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Tamil Nadu - Coimbatore Printer Friendly Page   Send this Article to a Friend

Waste management, a burden

Karthik Madhavan

Relieve us of the work as it affects public health activities, say Sanitary Inspectors



Sanitary Inspectors say waste management is taking the focus away from their main tasks.

COIMBATORE: Public health activities in the Coimbatore Corporation seem to be proceeding not in the pace they should be. At least this is what the Sanitary Inspectors suggest.

On conditions of anonymity, the Inspectors say that they are unable to do enough to check food adulteration, lift food samples, check smoking in public places and other public nuisance issues because they are burdened.

The aforementioned activities require full attention of the sanitary inspectors. But they are able to do it only after monitoring the primary and secondary collection in solid waste management and issuance of birth and death certificates.

The solid waste management work eats up their first half of the day and the issuance of the certificates the second.

The Inspectors point out that they are “burdened” with the waste management, which is basically the job of the engineering wing.

According to the Government Order 237, dated October 1, 1996, the State Government said engineering wings in Coimbatore, Madurai, Tiruchi and Salem corporations would take care of solid waste management.

Based on the Order, the number of sanitary inspectors came down from 78 to 24 in the Coimbatore Corporation, with each inspector entrusted with the responsibility of looking after three wards. This happened when the Corporation had a separate set of people – 20 of them – to provide birth and death certificates.

Prior to the Order, the Sanitary Inspectors were assigned with the task of managing solid waste. Then the Corporation had 58 persons dedicated to the task. The issuance of birth and death certificates was taken care of by the 20 people. With the passage of the Government Order, the Government sanctioned an increase in strength of the assistant or junior engineers. The Coimbatore civic body saw their number go up from 27 to 36.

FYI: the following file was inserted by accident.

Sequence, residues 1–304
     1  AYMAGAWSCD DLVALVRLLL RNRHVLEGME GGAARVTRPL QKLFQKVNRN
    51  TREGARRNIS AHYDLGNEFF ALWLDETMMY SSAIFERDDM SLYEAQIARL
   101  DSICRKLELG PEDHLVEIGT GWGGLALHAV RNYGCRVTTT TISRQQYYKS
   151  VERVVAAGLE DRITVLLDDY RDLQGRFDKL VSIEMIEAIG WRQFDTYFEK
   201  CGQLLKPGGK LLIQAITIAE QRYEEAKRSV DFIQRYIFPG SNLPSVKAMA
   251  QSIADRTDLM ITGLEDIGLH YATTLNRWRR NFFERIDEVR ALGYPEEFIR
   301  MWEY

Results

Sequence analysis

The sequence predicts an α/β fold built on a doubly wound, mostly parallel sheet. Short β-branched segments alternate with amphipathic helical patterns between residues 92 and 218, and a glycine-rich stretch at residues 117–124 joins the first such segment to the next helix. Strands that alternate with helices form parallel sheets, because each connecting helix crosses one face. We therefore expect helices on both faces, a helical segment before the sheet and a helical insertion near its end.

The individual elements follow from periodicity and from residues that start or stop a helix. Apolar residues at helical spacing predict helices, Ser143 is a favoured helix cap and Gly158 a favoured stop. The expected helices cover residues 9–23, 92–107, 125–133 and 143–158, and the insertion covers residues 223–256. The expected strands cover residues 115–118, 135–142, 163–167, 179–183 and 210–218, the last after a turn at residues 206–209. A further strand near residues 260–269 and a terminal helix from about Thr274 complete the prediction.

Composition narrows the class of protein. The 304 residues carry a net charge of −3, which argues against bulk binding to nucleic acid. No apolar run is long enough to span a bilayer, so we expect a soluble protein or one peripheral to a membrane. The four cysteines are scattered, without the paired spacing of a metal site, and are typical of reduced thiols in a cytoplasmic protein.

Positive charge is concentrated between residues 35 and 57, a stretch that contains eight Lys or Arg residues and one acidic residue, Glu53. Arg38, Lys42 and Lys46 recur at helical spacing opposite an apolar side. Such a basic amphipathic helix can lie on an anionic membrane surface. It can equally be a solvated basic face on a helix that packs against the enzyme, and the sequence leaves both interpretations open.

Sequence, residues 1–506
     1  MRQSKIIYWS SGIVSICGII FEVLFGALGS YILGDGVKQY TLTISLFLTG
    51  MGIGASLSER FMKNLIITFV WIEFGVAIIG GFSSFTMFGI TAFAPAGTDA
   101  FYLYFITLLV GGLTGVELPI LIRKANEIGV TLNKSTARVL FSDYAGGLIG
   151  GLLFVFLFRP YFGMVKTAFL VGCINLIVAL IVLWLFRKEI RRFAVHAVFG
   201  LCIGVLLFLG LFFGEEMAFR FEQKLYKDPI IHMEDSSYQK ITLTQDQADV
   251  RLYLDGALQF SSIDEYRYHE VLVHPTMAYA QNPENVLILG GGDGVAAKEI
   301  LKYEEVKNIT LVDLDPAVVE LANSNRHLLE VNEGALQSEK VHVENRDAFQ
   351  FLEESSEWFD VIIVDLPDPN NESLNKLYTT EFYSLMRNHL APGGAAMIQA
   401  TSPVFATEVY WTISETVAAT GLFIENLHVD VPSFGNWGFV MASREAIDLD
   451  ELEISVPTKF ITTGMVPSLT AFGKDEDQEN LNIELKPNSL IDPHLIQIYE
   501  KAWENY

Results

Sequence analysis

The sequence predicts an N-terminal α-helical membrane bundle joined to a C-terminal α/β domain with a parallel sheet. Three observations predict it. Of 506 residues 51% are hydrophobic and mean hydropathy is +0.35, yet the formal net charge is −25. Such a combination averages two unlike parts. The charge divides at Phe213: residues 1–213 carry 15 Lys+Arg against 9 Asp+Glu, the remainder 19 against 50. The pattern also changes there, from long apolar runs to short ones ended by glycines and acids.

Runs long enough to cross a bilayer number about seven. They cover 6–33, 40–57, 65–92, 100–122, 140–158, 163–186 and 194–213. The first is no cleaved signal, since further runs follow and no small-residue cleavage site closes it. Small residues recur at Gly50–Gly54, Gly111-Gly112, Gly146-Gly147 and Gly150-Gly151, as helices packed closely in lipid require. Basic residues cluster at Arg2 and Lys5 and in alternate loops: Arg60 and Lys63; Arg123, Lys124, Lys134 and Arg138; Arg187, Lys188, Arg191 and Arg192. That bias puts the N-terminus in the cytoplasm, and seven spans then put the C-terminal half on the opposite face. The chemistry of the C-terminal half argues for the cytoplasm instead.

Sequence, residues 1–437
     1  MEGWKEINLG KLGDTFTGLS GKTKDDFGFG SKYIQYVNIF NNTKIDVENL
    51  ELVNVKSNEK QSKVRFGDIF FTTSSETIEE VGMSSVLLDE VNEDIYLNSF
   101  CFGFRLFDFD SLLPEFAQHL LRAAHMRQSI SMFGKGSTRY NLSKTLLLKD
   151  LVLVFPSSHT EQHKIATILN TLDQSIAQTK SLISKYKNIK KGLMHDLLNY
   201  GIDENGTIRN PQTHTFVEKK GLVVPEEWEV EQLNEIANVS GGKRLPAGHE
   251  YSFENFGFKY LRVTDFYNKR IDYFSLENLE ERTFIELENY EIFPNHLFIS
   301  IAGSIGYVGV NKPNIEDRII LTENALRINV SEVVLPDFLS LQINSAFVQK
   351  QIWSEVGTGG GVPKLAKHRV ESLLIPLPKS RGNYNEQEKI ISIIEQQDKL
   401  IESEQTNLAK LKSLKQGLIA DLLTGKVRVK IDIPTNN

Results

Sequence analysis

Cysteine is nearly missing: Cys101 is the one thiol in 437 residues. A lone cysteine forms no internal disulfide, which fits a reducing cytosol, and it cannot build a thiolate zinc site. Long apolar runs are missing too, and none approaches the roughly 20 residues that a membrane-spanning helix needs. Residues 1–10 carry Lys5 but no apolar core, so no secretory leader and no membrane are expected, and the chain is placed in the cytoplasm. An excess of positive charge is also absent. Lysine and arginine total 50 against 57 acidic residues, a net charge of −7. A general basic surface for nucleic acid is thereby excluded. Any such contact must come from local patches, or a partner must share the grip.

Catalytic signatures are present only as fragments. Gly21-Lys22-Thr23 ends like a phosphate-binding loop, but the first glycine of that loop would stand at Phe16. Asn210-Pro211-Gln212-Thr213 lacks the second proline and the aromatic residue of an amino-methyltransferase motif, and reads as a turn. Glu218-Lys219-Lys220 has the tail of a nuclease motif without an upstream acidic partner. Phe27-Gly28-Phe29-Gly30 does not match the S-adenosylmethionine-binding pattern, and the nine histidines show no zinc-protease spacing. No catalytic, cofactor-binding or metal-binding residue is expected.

To complement the engineers' work, the Government, through Government Order 241, said conservancy workers should be appointed.

“Since the conservancy work has been entrusted to the junior engineer/assistant engineer of the ward concerned, hereafter the existing sanitary officer/ sanitary inspector will attend to all the works now they are attending to in the Corporation except conservancy work.”

This, the Sanitary Inspectors point out, has not happened. The Coimbatore Corporation has failed to appoint conservancy inspectors and instead burdened the sanitary workers with the job.

They point out that in Chennai Corporation the sanitary workers do not deal with either solid waste management or issuance of birth and death certificates. The latter is taken care of by a separate registrar. The sanitary inspectors say the Coimbatore civic body must follow the new service rules in letter and spirit and relieve them of the solid waste management duty.

A senior Corporation officer says the inspectors do have a genuine grievance but appointing conservancy workers is not such an easy task because it has huge financial implication on the Corporation. He adds that the situation for appointing conservancy workers is ripe and the appointment will happen soon.

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